5. IWAM_[host machine]: This user, IWAM (Internet Web Administration Manager), is not well explained in much documentation I have encountered. IWAM_[host machine] is often mentioned in the same breath as the IUSR_[host machine] user. In the absence of information I cannot make any recommendations conerning it. Please examine the following web page excerpts on the subject.

    1. From Deja: When IIS is installed, it creates two user accounts, assigns them specific user rights, and places them in specific user groups. These two accounts are IUSR_computername and IWAM_computername. The IUSR_computername account is used by IIS to grant anonymous access to Web resources. IWAM_computername is the account used by Microsoft Transaction Server (MTS) and various IIS entities to provide programmatic and transactional functions.

    2. From Microsoft - Updating IIS after the Computer Name Is Changed (search on ../Q234/1/42.ASP): This may or may not be pertinant. The article claims that potential IWAM "sync" problems do not apply to MS 2000.

    3. From Microsoft - Server Reliability through Process Isolation (search on ../server112299): The IWAM_machine (IWAM for short) account, seen in Figure 5, can be a common source of problems if you don't know a few tricks. The IWAM account is an important account; it's the default account that's used when you set your Web applications to run out of process from IIS.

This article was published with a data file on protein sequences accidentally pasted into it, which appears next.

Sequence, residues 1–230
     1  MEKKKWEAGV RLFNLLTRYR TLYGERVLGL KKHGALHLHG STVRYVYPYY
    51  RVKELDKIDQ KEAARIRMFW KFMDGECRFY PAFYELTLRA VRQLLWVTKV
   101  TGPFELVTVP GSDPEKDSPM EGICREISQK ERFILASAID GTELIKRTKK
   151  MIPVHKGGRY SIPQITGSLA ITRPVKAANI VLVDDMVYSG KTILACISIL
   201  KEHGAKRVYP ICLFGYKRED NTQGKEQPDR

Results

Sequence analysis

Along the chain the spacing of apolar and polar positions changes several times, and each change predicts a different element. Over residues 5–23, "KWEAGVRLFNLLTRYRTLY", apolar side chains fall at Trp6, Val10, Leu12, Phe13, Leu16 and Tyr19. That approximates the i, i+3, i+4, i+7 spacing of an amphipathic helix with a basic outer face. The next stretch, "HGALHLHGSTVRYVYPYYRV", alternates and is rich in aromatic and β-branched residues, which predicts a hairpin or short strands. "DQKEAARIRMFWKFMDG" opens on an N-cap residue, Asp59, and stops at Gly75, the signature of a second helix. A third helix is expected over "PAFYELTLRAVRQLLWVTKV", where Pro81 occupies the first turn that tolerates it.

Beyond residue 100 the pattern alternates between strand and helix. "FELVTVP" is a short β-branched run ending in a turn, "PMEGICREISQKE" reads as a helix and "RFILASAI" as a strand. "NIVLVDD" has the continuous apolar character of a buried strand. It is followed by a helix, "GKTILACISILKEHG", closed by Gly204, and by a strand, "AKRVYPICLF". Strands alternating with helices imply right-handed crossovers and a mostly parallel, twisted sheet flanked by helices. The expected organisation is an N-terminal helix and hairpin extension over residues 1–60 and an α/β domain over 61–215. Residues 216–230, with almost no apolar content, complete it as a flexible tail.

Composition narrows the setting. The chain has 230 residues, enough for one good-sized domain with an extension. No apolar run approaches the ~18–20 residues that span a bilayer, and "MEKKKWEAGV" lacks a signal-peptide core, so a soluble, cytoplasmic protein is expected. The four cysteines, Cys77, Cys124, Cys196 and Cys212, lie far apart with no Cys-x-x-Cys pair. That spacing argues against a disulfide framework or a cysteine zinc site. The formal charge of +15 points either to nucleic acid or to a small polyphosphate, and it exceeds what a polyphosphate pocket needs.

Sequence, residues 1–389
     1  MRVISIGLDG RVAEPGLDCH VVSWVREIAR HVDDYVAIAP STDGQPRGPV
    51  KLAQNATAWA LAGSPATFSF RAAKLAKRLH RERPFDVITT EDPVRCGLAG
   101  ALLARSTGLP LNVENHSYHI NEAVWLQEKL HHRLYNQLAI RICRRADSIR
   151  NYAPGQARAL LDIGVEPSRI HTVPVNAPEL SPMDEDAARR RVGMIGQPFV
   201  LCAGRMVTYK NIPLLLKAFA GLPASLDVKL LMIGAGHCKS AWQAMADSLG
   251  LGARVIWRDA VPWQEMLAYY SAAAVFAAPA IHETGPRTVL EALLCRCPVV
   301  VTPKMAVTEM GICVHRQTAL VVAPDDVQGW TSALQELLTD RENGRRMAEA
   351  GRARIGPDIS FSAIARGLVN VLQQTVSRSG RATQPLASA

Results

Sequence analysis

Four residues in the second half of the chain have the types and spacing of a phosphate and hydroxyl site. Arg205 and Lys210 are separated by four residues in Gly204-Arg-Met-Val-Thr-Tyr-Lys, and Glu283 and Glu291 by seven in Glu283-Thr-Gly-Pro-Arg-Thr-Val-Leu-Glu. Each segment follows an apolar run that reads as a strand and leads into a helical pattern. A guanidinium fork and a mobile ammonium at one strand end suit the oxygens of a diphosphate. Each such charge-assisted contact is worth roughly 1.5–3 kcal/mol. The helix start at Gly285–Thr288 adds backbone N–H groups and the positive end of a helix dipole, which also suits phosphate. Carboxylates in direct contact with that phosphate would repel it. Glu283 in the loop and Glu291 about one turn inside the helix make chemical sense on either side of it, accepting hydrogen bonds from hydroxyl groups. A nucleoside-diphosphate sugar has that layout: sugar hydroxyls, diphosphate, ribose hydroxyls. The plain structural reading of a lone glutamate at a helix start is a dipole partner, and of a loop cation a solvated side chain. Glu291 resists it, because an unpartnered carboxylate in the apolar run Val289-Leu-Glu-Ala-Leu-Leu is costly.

A problem occurs when you change the IWAM account's password through NT USERMGR without informing IIS of the changes. You need to update IIS manually because the IWAM account does not have the same password synchronization option that the IUSR account does. IUSR's password synchronization option automatically synchronizes any changes in USRMGR with the IUSR's password stored in the metabase. If you change the password to the IWAM account in USERMGR, you will also need to make the same change to the MTS packages for out-of-process applications that you have already created for IIS. You also need to make the change to the WAMUserPass property in the metabase, which is where IIS stores the IWAM account information that it will use when it is creating new out-of-process applications in the future.